John Wycliffe also spelled Wyclif, Wycliff, Wiclef, Wicliffe, or Wickliffe) (c. 1328 – December 31, 1384) was an English Scholastic philosopher, theologian, lay preacher, translator, reformer and university teacher who was known as an early dissident in the Roman Catholic Church during the 14th century. His followers were known as Lollards, a somewhat rebellious movement, which preached anticlerical and biblically-centred reforms. The Lollard movement, was a precursor to the Protestant Reformation (for this reason, Wycliffe is sometimes called "The Morning Star of the Reformation"). He was one of the earliest opponents of papal authority influencing secular power. Wycliffe was also an early advocate for translation of the Bible into the common language. He completed his translation directly from the Vulgate into vernacular English in the year 1382, now known as Wycliffe's Bible. It is probable that he personally translated the Gospels of Matthew, Mark, Luke, and John; and it is possible he translated the entire New Testament, while his associates translated the Old Testament. Wycliffe's Bible appears to have been completed by 1384, with additional updated versions being done by Wycliffe's assistant John Purvey and others in 1388 and 1395.
Wycliffe's Early Life Wycliffe was born in the factory village of modern-day Hipswell in the North Riding of Yorkshire, England in the mid-1320s. His family was long settled in Yorkshire. The family was quite large, covering considerable territory, principally centred around Wycliffe-on-Tees, about ten miles to the north of Hipswell.
Wycliffe received his early education close to his home. It is not known when he first came to Oxford, with which he was so closely connected until the end of his life, but he is known to have been at Oxford around 1345. He was influenced by Roger Bacon, Robert Grosseteste, Thomas Bradwardine, William of Occam, and Richard Fitzralph.
Wycliffe owed much to William of Occam's work and thought. He showed interest in natural science and mathematics, but applied himself to studying theology, ecclesiastical law, and philosophy. His opponents acknowledged the keenness of his dialectic, and his writings prove he was well grounded in Roman and English law, as well as in native history.
During this time there was conflict between the northern (Boreales) and southern (Australes) "nations" at Oxford. Wycliffe belonged to Boreales, in which the prevailing tendency was anticurial, while the other was curial. Not less sharp was the separation over Nominalism and Realism. He mastered most of the techniques.Wycliffe became deeply disillusioned both with Scholastic theology of his day and also with the state of the church, at least as represented by the clergy. In the final phase of his life in the years before his death in 1384 he increasingly argued for Scriptures as the authoritative centre of Christianity, that the claims of the papacy were unhistorical, that monasticism was irredeemably corrupt, and like the Donatist heresy one thousand years earlier, that the moral unworthiness of priests invalidated their office and sacraments.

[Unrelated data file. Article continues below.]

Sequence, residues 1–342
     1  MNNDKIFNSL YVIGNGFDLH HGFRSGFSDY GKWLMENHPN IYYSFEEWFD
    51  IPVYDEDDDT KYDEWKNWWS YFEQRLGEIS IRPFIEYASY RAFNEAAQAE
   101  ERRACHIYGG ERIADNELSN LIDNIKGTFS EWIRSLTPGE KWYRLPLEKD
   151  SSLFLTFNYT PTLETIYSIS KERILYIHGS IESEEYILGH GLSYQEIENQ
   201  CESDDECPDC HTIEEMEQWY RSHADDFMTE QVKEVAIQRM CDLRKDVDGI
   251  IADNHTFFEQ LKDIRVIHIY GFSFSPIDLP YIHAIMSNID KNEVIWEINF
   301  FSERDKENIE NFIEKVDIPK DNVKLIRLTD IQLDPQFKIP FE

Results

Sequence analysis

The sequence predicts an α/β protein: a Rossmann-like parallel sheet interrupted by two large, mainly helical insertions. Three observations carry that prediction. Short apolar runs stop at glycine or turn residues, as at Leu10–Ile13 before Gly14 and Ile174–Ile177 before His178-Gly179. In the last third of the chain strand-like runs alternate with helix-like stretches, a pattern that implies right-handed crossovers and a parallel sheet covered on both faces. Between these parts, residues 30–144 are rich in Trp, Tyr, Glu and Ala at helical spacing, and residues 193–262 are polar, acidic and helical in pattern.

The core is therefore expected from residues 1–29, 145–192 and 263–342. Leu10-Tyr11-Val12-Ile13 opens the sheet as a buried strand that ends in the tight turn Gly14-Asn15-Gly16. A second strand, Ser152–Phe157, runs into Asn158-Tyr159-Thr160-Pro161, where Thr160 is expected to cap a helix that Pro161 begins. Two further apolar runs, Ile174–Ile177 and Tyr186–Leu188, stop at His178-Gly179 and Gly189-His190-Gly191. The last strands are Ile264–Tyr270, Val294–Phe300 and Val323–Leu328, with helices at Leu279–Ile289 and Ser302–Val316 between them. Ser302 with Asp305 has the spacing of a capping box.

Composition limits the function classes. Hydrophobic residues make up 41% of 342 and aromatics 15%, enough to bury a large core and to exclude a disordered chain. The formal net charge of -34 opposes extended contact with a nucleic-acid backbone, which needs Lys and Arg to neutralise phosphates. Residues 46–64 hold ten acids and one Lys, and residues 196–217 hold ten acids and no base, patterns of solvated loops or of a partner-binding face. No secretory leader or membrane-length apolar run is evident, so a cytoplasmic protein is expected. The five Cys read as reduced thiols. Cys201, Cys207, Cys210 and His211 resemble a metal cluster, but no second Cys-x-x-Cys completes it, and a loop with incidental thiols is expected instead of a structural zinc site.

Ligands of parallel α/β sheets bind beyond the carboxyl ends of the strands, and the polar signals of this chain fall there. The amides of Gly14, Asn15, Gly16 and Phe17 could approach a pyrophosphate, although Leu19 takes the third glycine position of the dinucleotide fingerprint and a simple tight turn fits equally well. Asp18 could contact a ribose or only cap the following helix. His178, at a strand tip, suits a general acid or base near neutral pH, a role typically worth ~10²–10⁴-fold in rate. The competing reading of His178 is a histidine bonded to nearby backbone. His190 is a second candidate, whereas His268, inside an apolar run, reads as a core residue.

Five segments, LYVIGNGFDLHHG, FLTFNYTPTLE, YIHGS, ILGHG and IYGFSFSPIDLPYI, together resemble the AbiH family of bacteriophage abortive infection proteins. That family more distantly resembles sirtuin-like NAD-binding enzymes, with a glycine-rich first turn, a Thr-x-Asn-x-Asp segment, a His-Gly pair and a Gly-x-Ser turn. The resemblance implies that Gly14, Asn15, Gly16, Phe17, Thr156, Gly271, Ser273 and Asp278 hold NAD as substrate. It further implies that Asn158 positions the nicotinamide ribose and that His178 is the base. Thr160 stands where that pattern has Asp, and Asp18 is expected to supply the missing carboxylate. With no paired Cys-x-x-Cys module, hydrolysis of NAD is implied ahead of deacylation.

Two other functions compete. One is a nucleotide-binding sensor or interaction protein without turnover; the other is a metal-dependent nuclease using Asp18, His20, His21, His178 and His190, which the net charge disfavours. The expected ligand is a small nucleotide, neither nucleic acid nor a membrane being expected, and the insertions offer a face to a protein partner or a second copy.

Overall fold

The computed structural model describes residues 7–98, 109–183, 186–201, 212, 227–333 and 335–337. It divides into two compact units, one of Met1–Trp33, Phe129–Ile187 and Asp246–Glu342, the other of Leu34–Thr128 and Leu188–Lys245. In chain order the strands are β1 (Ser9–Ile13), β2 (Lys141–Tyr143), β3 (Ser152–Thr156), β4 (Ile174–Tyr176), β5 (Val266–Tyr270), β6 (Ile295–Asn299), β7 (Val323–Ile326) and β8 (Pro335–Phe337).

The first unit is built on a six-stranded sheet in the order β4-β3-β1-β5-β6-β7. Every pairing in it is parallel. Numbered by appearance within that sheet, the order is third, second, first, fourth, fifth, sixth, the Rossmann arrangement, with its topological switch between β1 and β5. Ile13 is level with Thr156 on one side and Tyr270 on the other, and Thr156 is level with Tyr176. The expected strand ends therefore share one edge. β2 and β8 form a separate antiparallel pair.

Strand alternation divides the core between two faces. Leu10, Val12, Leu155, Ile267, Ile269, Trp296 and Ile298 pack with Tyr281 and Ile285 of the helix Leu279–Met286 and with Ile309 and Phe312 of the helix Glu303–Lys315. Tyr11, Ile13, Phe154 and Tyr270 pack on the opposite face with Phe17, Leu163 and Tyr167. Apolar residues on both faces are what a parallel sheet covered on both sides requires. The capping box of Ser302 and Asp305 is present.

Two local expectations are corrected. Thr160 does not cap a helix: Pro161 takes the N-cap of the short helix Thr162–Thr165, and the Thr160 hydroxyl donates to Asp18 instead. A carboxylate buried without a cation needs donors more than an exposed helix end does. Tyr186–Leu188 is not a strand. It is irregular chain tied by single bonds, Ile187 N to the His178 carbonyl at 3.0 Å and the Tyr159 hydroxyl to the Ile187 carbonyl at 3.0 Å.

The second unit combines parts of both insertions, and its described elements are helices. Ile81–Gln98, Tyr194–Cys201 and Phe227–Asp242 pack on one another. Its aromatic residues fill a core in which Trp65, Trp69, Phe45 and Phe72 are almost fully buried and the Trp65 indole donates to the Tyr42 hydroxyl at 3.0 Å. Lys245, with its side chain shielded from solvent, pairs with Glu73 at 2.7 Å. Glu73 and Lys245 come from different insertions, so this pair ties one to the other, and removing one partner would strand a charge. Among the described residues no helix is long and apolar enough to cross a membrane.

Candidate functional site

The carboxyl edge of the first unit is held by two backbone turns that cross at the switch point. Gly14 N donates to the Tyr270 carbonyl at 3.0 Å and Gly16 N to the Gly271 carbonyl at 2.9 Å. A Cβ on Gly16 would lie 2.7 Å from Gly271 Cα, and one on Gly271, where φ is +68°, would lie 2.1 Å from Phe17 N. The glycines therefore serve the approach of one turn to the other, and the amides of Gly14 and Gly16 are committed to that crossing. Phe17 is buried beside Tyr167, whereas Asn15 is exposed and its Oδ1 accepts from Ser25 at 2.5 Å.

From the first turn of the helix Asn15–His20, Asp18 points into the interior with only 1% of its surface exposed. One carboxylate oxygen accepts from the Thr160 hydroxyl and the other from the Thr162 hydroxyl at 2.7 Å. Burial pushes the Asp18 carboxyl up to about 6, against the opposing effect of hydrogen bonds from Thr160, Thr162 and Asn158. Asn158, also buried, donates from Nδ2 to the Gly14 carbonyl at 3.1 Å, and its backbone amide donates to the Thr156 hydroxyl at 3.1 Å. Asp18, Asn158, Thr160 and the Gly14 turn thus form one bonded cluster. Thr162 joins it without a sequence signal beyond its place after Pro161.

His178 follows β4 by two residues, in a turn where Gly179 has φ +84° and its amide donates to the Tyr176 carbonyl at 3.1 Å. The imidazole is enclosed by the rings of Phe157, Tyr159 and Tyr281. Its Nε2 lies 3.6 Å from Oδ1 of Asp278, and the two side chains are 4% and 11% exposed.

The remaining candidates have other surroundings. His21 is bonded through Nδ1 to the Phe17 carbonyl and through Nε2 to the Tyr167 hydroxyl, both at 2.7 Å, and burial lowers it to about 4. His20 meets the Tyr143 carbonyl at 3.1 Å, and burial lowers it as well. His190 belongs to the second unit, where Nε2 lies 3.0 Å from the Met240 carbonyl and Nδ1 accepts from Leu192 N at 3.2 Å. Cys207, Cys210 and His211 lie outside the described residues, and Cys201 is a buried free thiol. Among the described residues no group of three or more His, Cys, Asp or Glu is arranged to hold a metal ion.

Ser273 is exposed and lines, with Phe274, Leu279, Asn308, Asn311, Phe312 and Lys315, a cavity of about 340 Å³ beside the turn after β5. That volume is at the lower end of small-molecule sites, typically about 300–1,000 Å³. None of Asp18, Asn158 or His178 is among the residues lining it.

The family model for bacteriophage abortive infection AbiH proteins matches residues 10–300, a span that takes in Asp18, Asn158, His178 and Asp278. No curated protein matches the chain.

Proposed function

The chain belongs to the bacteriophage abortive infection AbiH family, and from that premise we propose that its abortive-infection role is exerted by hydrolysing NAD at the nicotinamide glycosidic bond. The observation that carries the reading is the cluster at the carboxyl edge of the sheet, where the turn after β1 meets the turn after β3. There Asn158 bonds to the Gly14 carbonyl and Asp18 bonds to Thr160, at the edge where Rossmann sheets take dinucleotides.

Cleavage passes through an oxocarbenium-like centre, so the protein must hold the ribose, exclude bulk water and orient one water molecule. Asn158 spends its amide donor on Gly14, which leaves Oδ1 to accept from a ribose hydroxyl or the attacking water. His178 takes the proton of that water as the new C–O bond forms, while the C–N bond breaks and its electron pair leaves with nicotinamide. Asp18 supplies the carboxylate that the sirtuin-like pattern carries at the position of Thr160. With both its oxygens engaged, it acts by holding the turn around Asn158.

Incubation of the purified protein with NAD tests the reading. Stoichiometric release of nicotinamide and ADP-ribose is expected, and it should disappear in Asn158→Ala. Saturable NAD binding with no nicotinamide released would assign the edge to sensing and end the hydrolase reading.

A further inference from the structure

Wycliffe and the Bible-Some members of the nobility possessed the Bible in French, and some portions of the Bible had been translated into English as early as the seventh century under the auspices of the Catholic Church. While Wycliffe is credited, it is not possible exactly to define his part in the translation, which was based on the Vulgate. There is no doubt that it was his initiative, and that the success of the project was due to his leadership. From him comes the translation of the New Testament, which was smoother, clearer, and more readable than the rendering of the Old Testament by his friend Nicholas of Hereford. The whole was revised by Wycliffe's younger contemporary John Purvey in 1388. Thus the cry of his opponents may be heard: "The jewel of the clergy has become the toy of the laity."
In spite of the zeal with which the hierarchy sought to destroy it due to mistranslations and erroneous commentary, there still exist about 150 manuscripts, complete or partial, containing the translation in its revised form. From this, one may easily infer how widely diffused it was in the fifteenth century. For this reason the Wycliffites in England were often designated by their opponents as "Bible men." Just as Luther's version had great influence upon the German language, so Wycliffe's, by reason of its clarity, beauty, and strength, influenced the English language as the King James Version (which borrowed heavily from Wycliffe's New Testament translation) was later to do.
Wycliffe as a Preacher-Wycliffe aimed to do away with the existing hierarchy and replace it with the "poor priests" who lived in poverty, were bound by no vows, had received no formal consecration, and preached the Gospel to the people. These itinerant preachers spread the teachings of Wycliffe. Two by two they went, barefoot, wearing long dark-red robes and carrying a staff in the hand, the latter having symbolic reference to their pastoral calling, and passed from place to place preaching the sovereignty of God. The bull of Gregory XI impressed upon them the name of Lollards, intended as an opprobrious epithet, but it became, to them, a name of honour. Even in Wycliffe's time the "Lollards" had reached wide circles in England and preached "God's law, without which no one could be justified."